In all the jockeying over the health care overhaul, lots of people are saying lots of things and many of them are not exactly true. But one false claim in particular seems to have special staying power. NPR's Julie Rovner looks at why so many seniors are worried that the government will intervene in their end of life decisions.

JULIE ROVNER: This particular claim appears to have started with conservative commentator Betsy McCaughey. Health care experts remember her best for a questionable analysis she wrote 15 years ago about then-President Clinton's health care plan. Here's McCoy on the current health bill moving through the house on a recent talk radio show.

Ms. BETSY MCCAUGHEY (Commentator): One of the most shocking things I found in this bill, and there were many, is on Page 425, where the Congress would make it mandatory — absolutely require — that every five years, people in Medicare have a required counseling session that will tell them how to end their life sooner; how to decline nutrition, how to decline being hydrated, how to go into hospice care.

ROVNER: McCaughey's take was quickly picked up by Republicans on Capitol Hill, including North Carolina Congresswoman Virginia Foxx. Foxx said a health care plan introduced by Republicans is better.

Representative VIRGINIA FOXX (Republican, North Carolina): And it's pro life, because it will not put seniors in a position of being put to death by their government.

ROVNER: There's only one problem: the Democrats' bill would do nothing of the sort. It simply allows, not requires, seniors to be counseled about options for end of life care. Kathy Brandt is a vice president of the National Hospice and Palliative Care Organization.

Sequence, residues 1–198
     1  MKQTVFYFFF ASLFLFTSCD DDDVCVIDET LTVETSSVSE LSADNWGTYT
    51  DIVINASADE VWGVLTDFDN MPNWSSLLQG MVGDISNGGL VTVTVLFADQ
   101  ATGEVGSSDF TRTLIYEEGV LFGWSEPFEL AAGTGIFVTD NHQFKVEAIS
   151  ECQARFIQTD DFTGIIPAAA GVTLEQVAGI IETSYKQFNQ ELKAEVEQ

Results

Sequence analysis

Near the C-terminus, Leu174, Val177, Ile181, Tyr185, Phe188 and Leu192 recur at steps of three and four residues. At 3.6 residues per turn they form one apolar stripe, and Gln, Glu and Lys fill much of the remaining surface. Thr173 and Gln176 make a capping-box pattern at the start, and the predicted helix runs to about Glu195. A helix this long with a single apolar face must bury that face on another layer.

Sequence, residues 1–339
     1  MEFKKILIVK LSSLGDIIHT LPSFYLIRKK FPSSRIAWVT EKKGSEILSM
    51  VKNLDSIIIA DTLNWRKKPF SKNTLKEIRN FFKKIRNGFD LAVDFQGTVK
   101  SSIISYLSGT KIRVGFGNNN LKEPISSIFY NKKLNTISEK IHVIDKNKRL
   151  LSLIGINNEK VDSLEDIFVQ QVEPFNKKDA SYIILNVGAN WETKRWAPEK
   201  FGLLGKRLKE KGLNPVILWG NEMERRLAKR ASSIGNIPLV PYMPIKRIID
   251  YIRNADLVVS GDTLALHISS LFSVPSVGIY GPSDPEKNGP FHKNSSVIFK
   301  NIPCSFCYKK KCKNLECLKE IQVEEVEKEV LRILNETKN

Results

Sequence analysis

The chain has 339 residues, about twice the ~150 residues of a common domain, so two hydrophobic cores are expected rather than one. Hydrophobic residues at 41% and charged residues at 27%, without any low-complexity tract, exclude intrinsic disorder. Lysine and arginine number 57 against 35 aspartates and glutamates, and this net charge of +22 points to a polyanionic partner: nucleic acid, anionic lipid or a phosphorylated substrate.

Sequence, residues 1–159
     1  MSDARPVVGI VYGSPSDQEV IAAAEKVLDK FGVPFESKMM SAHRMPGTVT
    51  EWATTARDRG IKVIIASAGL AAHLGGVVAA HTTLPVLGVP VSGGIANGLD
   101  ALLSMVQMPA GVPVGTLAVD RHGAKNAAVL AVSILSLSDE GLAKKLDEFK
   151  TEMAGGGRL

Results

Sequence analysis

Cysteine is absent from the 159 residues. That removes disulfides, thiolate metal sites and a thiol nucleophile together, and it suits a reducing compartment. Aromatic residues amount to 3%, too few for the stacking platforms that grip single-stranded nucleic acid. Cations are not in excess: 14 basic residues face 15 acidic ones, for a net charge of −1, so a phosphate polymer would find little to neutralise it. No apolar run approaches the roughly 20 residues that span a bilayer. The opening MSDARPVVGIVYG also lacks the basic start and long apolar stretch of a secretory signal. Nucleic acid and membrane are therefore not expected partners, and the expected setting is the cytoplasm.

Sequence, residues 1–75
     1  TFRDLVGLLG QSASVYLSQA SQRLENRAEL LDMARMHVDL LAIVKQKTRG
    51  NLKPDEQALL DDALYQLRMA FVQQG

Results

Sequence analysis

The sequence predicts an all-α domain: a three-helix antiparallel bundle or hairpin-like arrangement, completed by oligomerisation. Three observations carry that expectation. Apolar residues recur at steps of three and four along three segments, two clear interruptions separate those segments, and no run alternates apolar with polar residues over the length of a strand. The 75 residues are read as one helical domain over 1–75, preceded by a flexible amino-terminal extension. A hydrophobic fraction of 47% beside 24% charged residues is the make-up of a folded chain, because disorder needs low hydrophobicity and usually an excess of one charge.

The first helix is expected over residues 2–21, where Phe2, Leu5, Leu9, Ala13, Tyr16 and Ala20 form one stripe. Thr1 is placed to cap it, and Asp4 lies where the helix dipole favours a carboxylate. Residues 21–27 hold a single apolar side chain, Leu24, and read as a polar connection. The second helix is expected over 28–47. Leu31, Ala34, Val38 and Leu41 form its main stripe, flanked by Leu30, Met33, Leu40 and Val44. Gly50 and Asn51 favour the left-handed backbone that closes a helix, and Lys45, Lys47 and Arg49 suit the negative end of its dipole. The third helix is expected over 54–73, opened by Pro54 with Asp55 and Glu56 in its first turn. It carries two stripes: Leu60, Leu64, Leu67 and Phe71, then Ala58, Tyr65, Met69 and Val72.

Ms. KATHY BRANDT (National Hospice and Palliative Care Organization): Nothing in the health care reform language says anything about terminating life, hastening death, assisted suicide, none of that. All it is is about documenting wishes, whatever those wishes are.

ROVNER: Brandt says the bill would simply, for the first time, pay health care providers to have the conversation with Medicare patients about what kind of care they would want if they were to become unable to communicate their wishes.

Ms. BRANDT: If you want everything to be possibly done - all medical treatment to be done for you until your last breath - or you can choose not to have everything or somewhere in between. I think most people who are healthy adults would want treatment, and nothing that's in any health care reform bills that I've heard or seen does anything that would prohibit that.

ROVNER: So why are so many people, to put it bluntly, freaking out over this issue? Harvard public opinion expert Robert Blendon says it's because seniors are very, very sensitive when it comes to health care.

Professor ROBERT BLENDON (Harvard School of Public Health): Seniors worry more about their health care than any other group in American life. They feel more vulnerable. And if they think that this bill is about restricting things -taking decisions, taking age limits - they're really going to be very active opponents of this.

ROVNER: In fact, says Blendon, one place lawmakers have really stumbled in selling the proposal is in saying that they would pay for it by cutting Medicare spending but not explaining that the bill also includes some new benefits for seniors.

Prof. BLENDON: And so I think the discussions about how money would be saved for Medicare has really alarmed them. And so the really important information is: how would it be different for a senior if this bill was passed?

ROVNER: Giving backers of the proposal one more group to convince during the August recess.

Julie Rovner, NPR News, Washington.

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